by Lynn Shapiro
, Writer | April 01, 2009
ORLANDO - Results from the IRIS (Immediate Risk Stratification Improves Survival) clinical trial, supported in part by Medtronic and presented at the 58th Annual Scientific Session of the American College of Cardiology, showed that sudden cardiac death in a specific subset of immediate post-MI (myocardial infarction) patients was significantly reduced with implantable cardioverter-defibrillator (ICD) therapy.
ICDs are 98 percent effective at terminating the dangerous heart rhythms that can lead to sudden cardiac death, but are not currently indicated for use in immediate post-MI patients.
The IRIS trial sought to determine if survival among a subset of post-MI patients who were at high risk for sudden cardiac death could improve after receiving ICD therapy in the first 31 days after a heart attack.
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The literature has shown that a significant percentage of people who survive a heart attack, or MI, will ultimately die as the result of a dangerous heart rhythm originating in the lower chambers of the heart. Approximately 15 percent of these people will die in the first weeks, and an additional 10 percent during the first year following the heart attack.
The patients selected for the trial were in the immediate post-MI stage (days 5-30), and based on selective criteria, represent less than 5 percent of those who have suffered a heart attack. The trial involved 902 patients at 92 centers in seven countries in Europe.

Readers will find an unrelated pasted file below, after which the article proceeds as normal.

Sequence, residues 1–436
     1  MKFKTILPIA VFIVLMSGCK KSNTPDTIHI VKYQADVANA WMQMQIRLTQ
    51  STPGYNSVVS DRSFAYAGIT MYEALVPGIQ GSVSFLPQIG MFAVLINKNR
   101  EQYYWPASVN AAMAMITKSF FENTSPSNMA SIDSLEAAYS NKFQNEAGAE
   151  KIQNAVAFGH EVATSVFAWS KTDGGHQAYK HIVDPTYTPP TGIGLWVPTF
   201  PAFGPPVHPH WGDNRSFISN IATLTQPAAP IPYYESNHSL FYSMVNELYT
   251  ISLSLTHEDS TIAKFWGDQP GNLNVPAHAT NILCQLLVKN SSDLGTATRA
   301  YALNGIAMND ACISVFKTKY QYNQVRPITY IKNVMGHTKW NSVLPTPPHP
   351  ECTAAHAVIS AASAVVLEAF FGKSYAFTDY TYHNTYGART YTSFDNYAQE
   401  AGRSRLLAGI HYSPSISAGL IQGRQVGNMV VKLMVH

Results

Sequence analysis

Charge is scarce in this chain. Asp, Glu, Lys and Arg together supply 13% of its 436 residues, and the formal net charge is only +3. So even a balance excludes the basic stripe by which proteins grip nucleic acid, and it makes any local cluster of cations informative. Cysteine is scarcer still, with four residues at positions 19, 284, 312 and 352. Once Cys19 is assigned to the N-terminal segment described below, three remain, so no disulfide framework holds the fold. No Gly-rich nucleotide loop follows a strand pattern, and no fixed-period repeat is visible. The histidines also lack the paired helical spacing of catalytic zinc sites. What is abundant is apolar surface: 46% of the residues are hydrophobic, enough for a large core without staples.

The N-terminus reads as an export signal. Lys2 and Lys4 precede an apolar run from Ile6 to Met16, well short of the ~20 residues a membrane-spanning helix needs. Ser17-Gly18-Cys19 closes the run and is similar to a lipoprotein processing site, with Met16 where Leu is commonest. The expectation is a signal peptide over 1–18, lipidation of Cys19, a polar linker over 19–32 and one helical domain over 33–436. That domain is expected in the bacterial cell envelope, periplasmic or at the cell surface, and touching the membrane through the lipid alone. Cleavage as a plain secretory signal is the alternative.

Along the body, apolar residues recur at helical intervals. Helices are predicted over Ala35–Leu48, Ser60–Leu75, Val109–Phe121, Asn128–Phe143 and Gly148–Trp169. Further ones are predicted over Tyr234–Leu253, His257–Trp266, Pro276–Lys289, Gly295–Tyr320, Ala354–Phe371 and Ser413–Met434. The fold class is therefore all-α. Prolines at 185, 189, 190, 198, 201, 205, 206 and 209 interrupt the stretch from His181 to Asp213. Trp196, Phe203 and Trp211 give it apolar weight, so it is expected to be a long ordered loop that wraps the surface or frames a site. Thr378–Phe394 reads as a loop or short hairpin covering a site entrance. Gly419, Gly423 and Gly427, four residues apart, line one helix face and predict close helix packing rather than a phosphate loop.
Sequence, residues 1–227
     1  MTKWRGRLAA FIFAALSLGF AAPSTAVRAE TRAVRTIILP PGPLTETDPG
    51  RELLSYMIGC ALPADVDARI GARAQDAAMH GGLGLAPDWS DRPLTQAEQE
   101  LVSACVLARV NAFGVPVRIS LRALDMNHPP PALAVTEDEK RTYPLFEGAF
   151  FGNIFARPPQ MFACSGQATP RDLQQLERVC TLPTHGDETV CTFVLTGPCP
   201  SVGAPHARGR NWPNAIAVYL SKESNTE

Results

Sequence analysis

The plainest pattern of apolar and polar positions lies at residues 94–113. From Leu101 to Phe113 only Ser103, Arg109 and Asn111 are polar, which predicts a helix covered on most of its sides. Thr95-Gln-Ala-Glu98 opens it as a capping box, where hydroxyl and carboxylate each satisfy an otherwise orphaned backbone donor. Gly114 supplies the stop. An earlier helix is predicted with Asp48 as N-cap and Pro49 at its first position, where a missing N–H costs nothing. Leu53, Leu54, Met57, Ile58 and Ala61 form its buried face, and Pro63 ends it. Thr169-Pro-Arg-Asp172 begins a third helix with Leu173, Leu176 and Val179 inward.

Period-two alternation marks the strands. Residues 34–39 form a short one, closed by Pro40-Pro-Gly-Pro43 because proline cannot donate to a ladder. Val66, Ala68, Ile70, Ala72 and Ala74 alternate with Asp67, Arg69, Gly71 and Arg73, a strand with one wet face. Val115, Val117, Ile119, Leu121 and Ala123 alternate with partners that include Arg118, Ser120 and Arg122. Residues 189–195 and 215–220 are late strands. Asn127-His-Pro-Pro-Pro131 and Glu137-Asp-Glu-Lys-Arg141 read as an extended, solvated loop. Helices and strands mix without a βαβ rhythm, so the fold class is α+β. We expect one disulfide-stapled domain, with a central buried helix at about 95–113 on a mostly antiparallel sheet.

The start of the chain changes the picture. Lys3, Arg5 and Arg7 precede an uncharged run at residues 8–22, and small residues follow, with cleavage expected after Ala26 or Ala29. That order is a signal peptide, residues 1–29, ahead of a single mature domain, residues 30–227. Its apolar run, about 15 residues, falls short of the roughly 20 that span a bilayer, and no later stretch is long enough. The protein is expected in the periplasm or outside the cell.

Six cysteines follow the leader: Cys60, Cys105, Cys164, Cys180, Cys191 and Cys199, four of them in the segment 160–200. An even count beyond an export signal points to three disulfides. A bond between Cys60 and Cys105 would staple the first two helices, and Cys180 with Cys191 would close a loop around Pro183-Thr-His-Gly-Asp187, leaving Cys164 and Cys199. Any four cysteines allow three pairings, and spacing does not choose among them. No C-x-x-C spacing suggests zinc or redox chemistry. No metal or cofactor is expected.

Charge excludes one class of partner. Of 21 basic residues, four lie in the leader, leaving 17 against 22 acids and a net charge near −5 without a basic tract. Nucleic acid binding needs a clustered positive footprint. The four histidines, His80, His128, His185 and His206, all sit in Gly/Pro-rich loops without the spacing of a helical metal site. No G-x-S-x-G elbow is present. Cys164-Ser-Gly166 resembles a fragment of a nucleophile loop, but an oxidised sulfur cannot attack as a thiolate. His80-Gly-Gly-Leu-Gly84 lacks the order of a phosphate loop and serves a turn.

The IRIS results do not conflict with previous data that informed current evidence-based treatment guidelines showing that use of ICDs in a more broadly defined range of post-MI patients (those who received ICD therapy at least 40 days after experiencing a heart attack) reduced all-cause mortality by 31 percent. Current medical guidelines recommend ICD therapy for post-MI patients with an ejection fraction of 35 percent and below, and after at least 40 days have passed since their heart attack.
"Medtronic is committed to developing an evolving base of clinical evidence critical to scientific advancement and medical practice," said David Steinhaus, M.D., medical director of the Cardiac Rhythm Disease Management business at Medtronic. "The IRIS trial is another example of our efforts to identify the patients who will benefit most from our life-saving and life-improving therapies."